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‘These kids have had to be brave their whole lives’

The Rev. Pepa Paniagua, a force behind a summer camp for LGBTQIA+ youth, shares an event wrap-up with the Synod of the Sun

by Mike Ferguson | Presbyterian News Service

The Rev. Pepa Paniagua

LOUISVILLE — During the most recent edition of the Synod of the Sun’s podcast SunSpots, found here, host Thomas Riggs was sharing some favorite kin-dom camp memories with his guest, the Rev. Pepa Paniagua, the director and co-organizer of the week-long camp put on this summer for 58 youth who identify as LGBTQIA+.

Riggs was near the zipline. A camp staffer was telling youths, “If you put the harness on and walk up to the pole and decide not to go up, look how brave you are.”

When he heard that, Riggs had this to say: “These kids have had to be brave their whole lives. This is a different kind of brave.”

Riggs is the synod’s communications and administration coordinator. Paniagua is pastor of kin-dom community, a 1001 new worshiping community in north Texas. Watch a brief video about kin-dom camp here.

Paniagua helped organize the kin-dom camp held last month at Camp Gilmont to enable the dream of friends Andy Hackett and Garrett deGraffenreid. Other key players making the camp the success that it was included Camp Gilmont’s co-executive directors, the Rev. Kenny Rigoulot and his wife Jennifer.

As kin-dom camp was being envisioned, “I learned my role was to say, ‘Why not?’ Paniagua said. “We got donations and partnerships coming alongside very early. For us, the conversations have been joy-filled and hope-bringing and life-giving.”

“I was the elder on the team at the whopping age of 39,” Paniagua told Riggs with a laugh. “I recognized the responsibility I had was to shepherd and model leadership and then say, ‘Hey, you’ve got this,’ to empower them in their dream. We just loved the crud out of each other.”

Thomas Riggs

Enough donations came in to provide for $7,000 in camp scholarships, “which meant we were able to say yes to every single scholarship application we got,” Paniagua said. She estimated that up to 60% of campers made use of a scholarship, either partial or full.

“We said it was important that camp wouldn’t be inaccessible based on financial need,” Paniagua said.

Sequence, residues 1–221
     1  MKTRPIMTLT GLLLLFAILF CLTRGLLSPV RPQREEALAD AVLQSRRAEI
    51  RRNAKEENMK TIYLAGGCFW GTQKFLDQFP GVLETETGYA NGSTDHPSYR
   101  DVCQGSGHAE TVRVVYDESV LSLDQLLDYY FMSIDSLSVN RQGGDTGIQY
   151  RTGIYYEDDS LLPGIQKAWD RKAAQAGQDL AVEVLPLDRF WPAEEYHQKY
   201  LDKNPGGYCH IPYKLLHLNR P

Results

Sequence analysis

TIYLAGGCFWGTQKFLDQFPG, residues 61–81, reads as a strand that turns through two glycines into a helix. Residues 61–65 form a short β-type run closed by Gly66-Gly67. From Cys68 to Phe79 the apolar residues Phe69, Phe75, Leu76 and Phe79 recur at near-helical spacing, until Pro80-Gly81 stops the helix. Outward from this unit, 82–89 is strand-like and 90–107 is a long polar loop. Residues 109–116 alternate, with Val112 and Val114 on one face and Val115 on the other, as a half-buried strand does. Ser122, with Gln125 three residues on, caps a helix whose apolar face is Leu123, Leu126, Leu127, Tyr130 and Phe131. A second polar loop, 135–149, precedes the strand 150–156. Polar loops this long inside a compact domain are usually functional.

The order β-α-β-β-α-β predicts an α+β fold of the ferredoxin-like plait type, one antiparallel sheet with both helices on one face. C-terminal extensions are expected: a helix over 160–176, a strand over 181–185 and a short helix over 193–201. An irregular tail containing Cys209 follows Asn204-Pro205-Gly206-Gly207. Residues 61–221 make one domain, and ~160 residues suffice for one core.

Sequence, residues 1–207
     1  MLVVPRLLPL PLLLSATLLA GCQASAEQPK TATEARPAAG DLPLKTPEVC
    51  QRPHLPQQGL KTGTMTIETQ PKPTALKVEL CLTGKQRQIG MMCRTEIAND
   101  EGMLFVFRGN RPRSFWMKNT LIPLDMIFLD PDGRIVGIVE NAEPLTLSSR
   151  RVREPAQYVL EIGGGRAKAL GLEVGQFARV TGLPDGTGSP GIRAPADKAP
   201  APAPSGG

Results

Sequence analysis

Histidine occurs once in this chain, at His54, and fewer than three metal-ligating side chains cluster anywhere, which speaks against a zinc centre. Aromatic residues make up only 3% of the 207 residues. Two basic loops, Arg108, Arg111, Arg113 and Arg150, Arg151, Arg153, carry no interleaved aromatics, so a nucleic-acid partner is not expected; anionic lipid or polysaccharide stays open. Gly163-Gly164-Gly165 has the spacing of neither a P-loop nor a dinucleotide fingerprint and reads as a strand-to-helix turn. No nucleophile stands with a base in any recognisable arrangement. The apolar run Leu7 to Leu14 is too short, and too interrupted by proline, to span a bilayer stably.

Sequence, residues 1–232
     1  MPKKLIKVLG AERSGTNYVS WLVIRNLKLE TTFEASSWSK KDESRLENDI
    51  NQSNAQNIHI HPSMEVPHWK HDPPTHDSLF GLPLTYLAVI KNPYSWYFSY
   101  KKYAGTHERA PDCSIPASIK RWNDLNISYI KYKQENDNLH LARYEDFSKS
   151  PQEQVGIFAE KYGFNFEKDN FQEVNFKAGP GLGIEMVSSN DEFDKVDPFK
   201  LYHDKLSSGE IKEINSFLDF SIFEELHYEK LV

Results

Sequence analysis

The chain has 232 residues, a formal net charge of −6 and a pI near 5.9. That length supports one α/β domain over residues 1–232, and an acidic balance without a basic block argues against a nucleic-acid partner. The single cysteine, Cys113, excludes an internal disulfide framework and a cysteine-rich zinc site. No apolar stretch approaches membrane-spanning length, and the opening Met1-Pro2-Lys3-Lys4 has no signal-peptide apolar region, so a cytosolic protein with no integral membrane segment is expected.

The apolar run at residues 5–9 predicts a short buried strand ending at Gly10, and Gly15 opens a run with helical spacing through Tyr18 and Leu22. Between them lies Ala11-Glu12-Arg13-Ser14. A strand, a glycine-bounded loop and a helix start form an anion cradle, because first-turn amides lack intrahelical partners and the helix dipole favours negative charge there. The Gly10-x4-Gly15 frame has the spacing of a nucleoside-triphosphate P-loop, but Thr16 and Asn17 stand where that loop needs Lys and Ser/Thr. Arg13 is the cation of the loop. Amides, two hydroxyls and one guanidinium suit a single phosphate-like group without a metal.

Turning to her work with kin-dom community, Paniagua told Riggs it’s named based on the work of Dr. Ada María Isasi-Díaz, who coined the term “kin-dom,” a description of God’s realm that’s always resonated with Paniagua.

“I was tired of language all based on patriarchy,” she said. Removing the “g” from “kingdom” provides for “the full inclusion and belonging of all God’s beloved. … For me, I have become a much deeper believer in the Holy Spirit. As a Presbyterian, I was like, ‘She’s out there. I’m sure she’s doing some cool things.’ Once I got connected with kin-dom community and 1001, the Holy Spirit has been really active and engaged in the life of this work.”

“Our hope,” she said of kin-dom community, “is to just be a space where people can imagine what’s possible when love and inclusion are the norm.”

Like Riggs, Paniagua shared some of her favorite moments from camp — and the time leading up to the camp experience.

“I will never forget sitting in a circle at staff training before campers even got there and realizing that there were young adults in that circle that I had helped raise in the life of youth ministry — and you too,” she told Riggs. “I remember so-and-so when I wasn’t sure they would even make it to this age and here they are and we get to do this together. It was an unexpected moment for me.”

“Also, I will never forget everyone in camp when one camper was performing ‘This is Me’ from ‘The Greatest Showman.’ I will never forget everyone dancing and jumping and just feeling so fully affirmed and loved, the freedom in that room,” Paniagua said.

“Some of the most beautiful moments that I’ve experienced as a result of camp have come in the form of messages from parents afterwards who have said, ‘My kid went back to school different in the best kind of way,’” feeling “supported and seen,” Paniagua said. Others said, “My kiddo came home [from camp] and told me the fuller part of who they are. They want to lean more into that and have invited me to support them in that.”

“The ripple effect of camp continues to be beautiful and life-giving,” Paniagua said. “To look at a roomful of kids who all have embodied scars from the world and from their own struggles of being who they are in the world and to know that for a week — for a week — none of them hurt themselves. It doesn’t mean they didn’t think about it, but none of them hurt themselves. For a week, they got a break from what it’s like to be who they are in a world that’s not designed for them. … Just to see that transition from Sunday to Thursday was pretty profound.”

Paniagua told Riggs she has set a goal for future editions of kin-dom camp.

“At every single kin-dom camp, I think we will play Taylor Swift’s ‘You Need to Calm Down,’ because there’s nothing like hearing a roomful of queer people and allies shout, ‘Shade never made anybody less gay.’ If I ever need a mood boost now, that’s what I listen to.”

“Thank you so much for what you give and what you’re continuing to do,” Riggs told her.

“I don’t do it by myself,” she replied. “It’s an honor to be one of the people who said yes to some dreams a 19- and a 22-year-old had, and now look what’s happened! It’s a joy.”

Learn more about plans for next year’s kin-dom camp set for July 23-28, 2023, by going here.

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